TERENCE SMITH: Is that the alpha male at work? Is that more forceful? Is that what you mean?
DAVID GERGEN: Well, I think it's somewhere between alpha and beta. It's got a nice mixture of, you know, living room style that Kathleen was talking about that makes you feel a little more comfortable. You're not on edge when you hear him speak. He seems to be comfortable in himself.
TERENCE SMITH: Right. John Carroll, anything in this that you found misleading or incorrect?
JOHN CARROLL: Well, certainly the Bradley ad, I think, as the piece pointed out, is pretty misleading as far as this woman and the sequence of events that happened during her having the second and third child that she had. And I think that, you know, that's a leap that I'm not sure Evil Knievel would attempt to say, you know, I had the confidence, and they don't even disclose this information. You have to go to other sources to find out that Bill Bradley's bill in 1996 gave me the confidence to have a child in 1998. The way it's phrased in the ads, it sound likes Bill Bradley is an EMT. So you look at that, and you say, that's not really dealing straight with the public. And Bill Bradley is lucky if he that doesn't get out too much, because he's really running on a platform of authenticity. He's the straight shooter. He's the one that is going to be honest and not deal in sound bites, which is a sound bite itself in a way.
TERENCE SMITH: Right.
JOHN CARROLL: But he's building his campaign on that sense that he's the genuine article, and I think if he walks that line too much that people will eventually catch on, and that could damage the foundation of his campaign.
|Ads make the difference?|
TERENCE SMITH: Kathleen, how dangerous is that, if he's caught out-- he or any candidate is caught out on something that is either incorrect or at least a reach?
KATHLEEN HALL JAMIESON: One of the things that is important to note about the ads is that Bradley is promising us a different kind of campaign in the ad that suggests that we're going to have more detailed plans. At least you're going to know where he stands. The positive side of that is, it is a promise for a different kind of campaign. But the negative side from Bradley's standpoint is that any lapse, such as a lapse in factual accuracy of an ad, or something that looks like politics as usual, or that looks like a cheap shot or doesn't actually show how you would pay for something, is going to look as if he didn't keep the promise made explicitly in that ad. And so it suggests the higher road and a different kind of campaign, but that holds him to a higher threshold test.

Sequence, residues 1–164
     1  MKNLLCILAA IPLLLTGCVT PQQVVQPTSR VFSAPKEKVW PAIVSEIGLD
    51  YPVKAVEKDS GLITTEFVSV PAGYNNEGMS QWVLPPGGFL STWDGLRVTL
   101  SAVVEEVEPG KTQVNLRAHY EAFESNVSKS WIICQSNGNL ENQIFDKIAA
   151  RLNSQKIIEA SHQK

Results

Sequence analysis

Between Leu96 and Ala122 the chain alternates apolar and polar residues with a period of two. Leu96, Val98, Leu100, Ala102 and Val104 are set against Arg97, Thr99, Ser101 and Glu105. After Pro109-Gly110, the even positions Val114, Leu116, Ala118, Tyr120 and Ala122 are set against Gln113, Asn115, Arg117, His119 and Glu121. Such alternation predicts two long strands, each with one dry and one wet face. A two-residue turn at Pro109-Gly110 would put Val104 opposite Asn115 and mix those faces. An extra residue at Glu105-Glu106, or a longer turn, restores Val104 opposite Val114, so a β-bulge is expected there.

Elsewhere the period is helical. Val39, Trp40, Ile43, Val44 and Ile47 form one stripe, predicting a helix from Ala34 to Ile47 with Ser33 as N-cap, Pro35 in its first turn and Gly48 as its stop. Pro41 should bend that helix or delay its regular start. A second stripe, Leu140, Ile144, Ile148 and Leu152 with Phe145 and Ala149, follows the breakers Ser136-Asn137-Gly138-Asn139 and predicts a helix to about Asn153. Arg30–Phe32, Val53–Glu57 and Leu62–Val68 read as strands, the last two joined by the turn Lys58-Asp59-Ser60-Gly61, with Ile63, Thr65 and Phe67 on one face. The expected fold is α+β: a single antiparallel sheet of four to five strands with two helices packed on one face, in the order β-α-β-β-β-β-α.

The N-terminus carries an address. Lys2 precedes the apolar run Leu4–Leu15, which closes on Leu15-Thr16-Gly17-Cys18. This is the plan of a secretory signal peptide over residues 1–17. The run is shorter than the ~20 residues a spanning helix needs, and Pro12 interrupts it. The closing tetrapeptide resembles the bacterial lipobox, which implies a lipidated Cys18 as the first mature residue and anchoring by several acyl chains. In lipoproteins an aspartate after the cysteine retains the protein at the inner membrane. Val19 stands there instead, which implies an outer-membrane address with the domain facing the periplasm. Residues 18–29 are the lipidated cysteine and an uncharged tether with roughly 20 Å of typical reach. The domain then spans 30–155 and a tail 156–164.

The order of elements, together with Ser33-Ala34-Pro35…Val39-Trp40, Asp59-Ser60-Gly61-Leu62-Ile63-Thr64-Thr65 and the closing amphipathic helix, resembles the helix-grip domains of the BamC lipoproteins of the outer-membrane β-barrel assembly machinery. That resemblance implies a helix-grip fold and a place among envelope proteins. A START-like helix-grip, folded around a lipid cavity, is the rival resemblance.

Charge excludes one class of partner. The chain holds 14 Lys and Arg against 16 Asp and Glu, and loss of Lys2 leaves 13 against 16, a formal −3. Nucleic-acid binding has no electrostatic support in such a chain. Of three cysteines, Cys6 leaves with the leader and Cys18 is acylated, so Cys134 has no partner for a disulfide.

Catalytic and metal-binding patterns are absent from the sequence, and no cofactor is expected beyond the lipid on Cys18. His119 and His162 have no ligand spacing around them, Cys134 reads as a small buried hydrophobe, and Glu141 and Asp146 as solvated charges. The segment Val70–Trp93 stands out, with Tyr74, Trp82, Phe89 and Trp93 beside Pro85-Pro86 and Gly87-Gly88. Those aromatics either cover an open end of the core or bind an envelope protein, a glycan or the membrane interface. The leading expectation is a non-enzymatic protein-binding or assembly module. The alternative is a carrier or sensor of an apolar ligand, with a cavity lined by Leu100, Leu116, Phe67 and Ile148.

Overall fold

TERENCE SMITH: David Gergen, is there anything that Senator Bradley can do with these ads or future ads in your view, if you were advising him, to close the gap with Al Gore, who leads in all the polls?
DAVID GERGEN: Well, I find it striking, Terry, that back on November 24, it was announced in the press that Bill Bradley was going to go on a blitz with his advertising in New Hampshire, and he outspent the vice president quite considerably-- by as much as 10-1 over about a ten-day period. And two weeks later, when Newsweek went into the field and took a poll, Bradley, who had been falling behind Gore, had reversed that, and was up by 49 or 42. He was up six or seven points. Now, I don't know whether that's directly tied to the ads or not, but it suggests that that advertising blitz actually helped him.
TERENCE SMITH: Okay. We'll be back on this subject again. David Gergen, John Carroll, Kathleen Hall Jamieson, thank you all very much.
JIM LEHRER: Yes, indeed. Terry and his crew will look at republican campaign commercials next week, and will, as a regular NewsHour feature, continue to monitor and report on all such advertising for the duration of the election campaign.
The NewsHour Media Unit, including this site, is funded by grants from: